You’re doing it wrong. Photo: Corey Wilson
While fashion has always prided itself in looking “forward,” as the saying goes, it cannot hide the fact that it forever cranes its neck looking back. Undeniably, with every season, fashion peers over its shoulder at the trends and tendencies of yesteryear. With the right amount of time (and memory loss), the past suddenly appears progressive, if not stylish.
Surf fashion is no exception, and as radical as the sport becomes, the fashion and trends within this world feed that bygone obsession. The loud neons of the ‘80s, the psychedelics of the ‘70s, the slick of the ‘60s, the innocence of the ‘50s — every brand tries to bottle a piece of the past and sell it. The ads are grainy, the product in sepia tones, the pictures soft and a little out of focus. Nostalgia is the greatest consumer aphrodisiac.
Whether it was the campaign or the trend that came first — the chicken or the egg — it was this fetish with the past that spawned a time in our sport’s history known as Period Surfing. Indeed, after the motorbike-riding surfer-greasers of Byron Bay, Orange County had its Morning of the Earth second coming with its single-fins and bonzers and tie-dyed tees.
Then, for a few years, the period-based trends strived to outdo each other, harkening back further and further. There were the 1880s Pioneers of Northern California. The 1920s Newsboy surfers of Long Island, NY. The brands caught on and with each seasonal line, they’d drop a promo piece like: an Abe Lincoln-style stovepipe top hat, a 49ers gold mining pan, a 1930s physicist apron. These pieces sold like hot cakes and they had nothing to do with surfing.
But there was no crew of period surfers as pure, as undiluted, as unsullied and as utterly mysterious as the subculture known as The Beginning. The Beginning Era — with its disciples who dubbed themselves Beginners — were a highly elusive, tight-knit crew of wave riders that paid tribute to the original, pre-European-contact form of surfing. With the sole intent of enjoying the sport in its most ancient, unadulterated form, Beginners only frequented outer reefs where no one could see them ride. They shunned exposure, media coverage or filming of any kind and sessioned in secret.
The men wore nothing but traditional malo loinclothes in the water and the few women in the club surfed topless (as recorded in ancient oral tradition as well as early written accounts by Capt. James Cook and Mark Twain). Beginners only rode giant 15-foot alaia boards — with neither wax, nor fins — and they would take great pains in carving these boards from koa trees that they’d chop themselves from deep in the forests of the Big Island and Kauai. They’d only use traditional stone tools and cutting equipment, of course; they were purists of the highest caliber.
All Beginners, no matter their previous ethnic background, took old Hawaiian names and they’d go on surf trips to bizarre locales like Kahoolawe or Niihau (The Forbidden Isle). They’d even paddle the open-ocean channels between the islands to get there. Newcomers to the Beginning Era had to have a basic grasp of the Hawaiian language…or at least have taken a Hawaiian Studies 101 class at the local university. The leader of this era was a steely-eyed man who they called Kane. Kane was their movement’s kahuna.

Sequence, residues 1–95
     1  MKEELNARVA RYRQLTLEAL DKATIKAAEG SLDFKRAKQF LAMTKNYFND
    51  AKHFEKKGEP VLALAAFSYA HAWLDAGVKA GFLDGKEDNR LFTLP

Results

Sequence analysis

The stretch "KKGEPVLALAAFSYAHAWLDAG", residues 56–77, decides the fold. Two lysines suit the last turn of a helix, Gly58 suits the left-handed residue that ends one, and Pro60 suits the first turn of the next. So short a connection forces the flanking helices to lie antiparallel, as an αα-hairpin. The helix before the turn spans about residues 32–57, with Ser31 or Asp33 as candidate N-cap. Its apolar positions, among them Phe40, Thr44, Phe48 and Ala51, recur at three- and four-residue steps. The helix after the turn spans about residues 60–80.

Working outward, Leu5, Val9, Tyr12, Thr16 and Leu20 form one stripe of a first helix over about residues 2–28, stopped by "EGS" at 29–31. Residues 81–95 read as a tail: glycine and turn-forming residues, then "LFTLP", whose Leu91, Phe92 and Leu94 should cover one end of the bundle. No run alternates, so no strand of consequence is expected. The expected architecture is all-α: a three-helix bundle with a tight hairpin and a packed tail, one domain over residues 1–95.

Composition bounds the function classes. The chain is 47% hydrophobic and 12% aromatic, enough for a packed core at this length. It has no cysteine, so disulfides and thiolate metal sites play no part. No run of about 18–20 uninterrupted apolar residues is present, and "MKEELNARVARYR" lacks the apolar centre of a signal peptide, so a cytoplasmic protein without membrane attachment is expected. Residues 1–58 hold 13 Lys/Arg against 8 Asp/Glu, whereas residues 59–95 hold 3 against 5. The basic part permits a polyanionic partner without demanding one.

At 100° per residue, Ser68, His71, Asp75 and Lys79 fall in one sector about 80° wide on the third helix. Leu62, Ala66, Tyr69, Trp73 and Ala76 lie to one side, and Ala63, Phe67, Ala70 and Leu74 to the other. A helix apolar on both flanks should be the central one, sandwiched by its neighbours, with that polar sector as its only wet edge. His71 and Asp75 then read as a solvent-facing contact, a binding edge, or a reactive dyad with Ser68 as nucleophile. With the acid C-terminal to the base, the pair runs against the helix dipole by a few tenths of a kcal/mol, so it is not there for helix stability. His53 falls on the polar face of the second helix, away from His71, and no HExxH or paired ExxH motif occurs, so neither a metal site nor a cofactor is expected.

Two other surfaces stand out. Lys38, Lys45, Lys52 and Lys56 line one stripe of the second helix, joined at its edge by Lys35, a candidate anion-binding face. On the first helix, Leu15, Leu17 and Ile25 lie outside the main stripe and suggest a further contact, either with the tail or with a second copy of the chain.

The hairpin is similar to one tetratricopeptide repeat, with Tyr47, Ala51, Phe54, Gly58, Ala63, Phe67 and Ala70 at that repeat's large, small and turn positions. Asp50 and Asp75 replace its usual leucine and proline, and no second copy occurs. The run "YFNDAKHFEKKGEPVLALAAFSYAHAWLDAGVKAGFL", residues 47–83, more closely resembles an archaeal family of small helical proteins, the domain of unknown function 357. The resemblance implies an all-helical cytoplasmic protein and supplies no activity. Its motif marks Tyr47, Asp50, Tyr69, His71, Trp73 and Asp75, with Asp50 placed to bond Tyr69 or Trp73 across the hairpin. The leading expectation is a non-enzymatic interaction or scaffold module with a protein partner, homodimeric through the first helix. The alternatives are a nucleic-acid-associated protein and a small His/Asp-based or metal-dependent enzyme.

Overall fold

Of course companies and brands heard of this era and wanted on board in some way. Kahuna Kane, however, declined all advances, whether for sponsor collaborations, for brand ambassador offers, for TED Talk speaking engagements and for the offer to make him co-founder of a Kickstarter line of hemp loincloth surf wear (*It’d be the STANCE of loincloths!” they assured him.) For almost five years, the era thrived in secret, unhindered with minimal growth, the only era that the brands could not crack or tap into.
But in the end, it was flattery that killed them, as it does every great woman and man. An interloper had weaseled his way into the Beginners’ hui, a surf agent in disguise. At first the threat was benign. While the Beginners’ spurned all forms of claiming or complimenting, the interloper began to grin and wag his head at Kahuna Kane’s primitive style. Pretty soon, the interloper had people hooting again and throwing shakas after exceptional rides (previously prohibited).
Ultimately, after a particularly dull summer of surf, and with a huge south swell looming on the forecast, the interloper convinced Kane to hold the first-ever “Beginners’ Koa Wood Classic,” to be held on the island of Moloka’i. And though the interloper promised Kane that any and all sponsors would be culturally respectful, let alone wholly supportive of their cause, on the day of the contest, the Beginners showed up to a long row of pop-up tents lining the beach complete with sunscreen, clothing, and many other brand logos. An organic food truck advertising locally pounded poi on the menu rolled up behind them. At heat check-in, the women had to cover their breasts and the neon comp jerseys that hung high and tight above the men’s loinclothes did not look pono.
You would’ve thought it was a success from the press release the next day, but the attention destroyed the crew and within a week, the Beginners’ hui disbanded.
But. While Period Surfing seemed to have run its course with the end of the Beginning era, perhaps it paved the way to finally look fashion-forward. Perhaps there’s a surf crew in Cocoa Beach that watch the spaceships blast off from Cape Canaveral in wonderment. Perhaps their nostalgia comes not from the past. Perhaps they look up toward space, then down at their boardshorts and wonder something truly futuristic…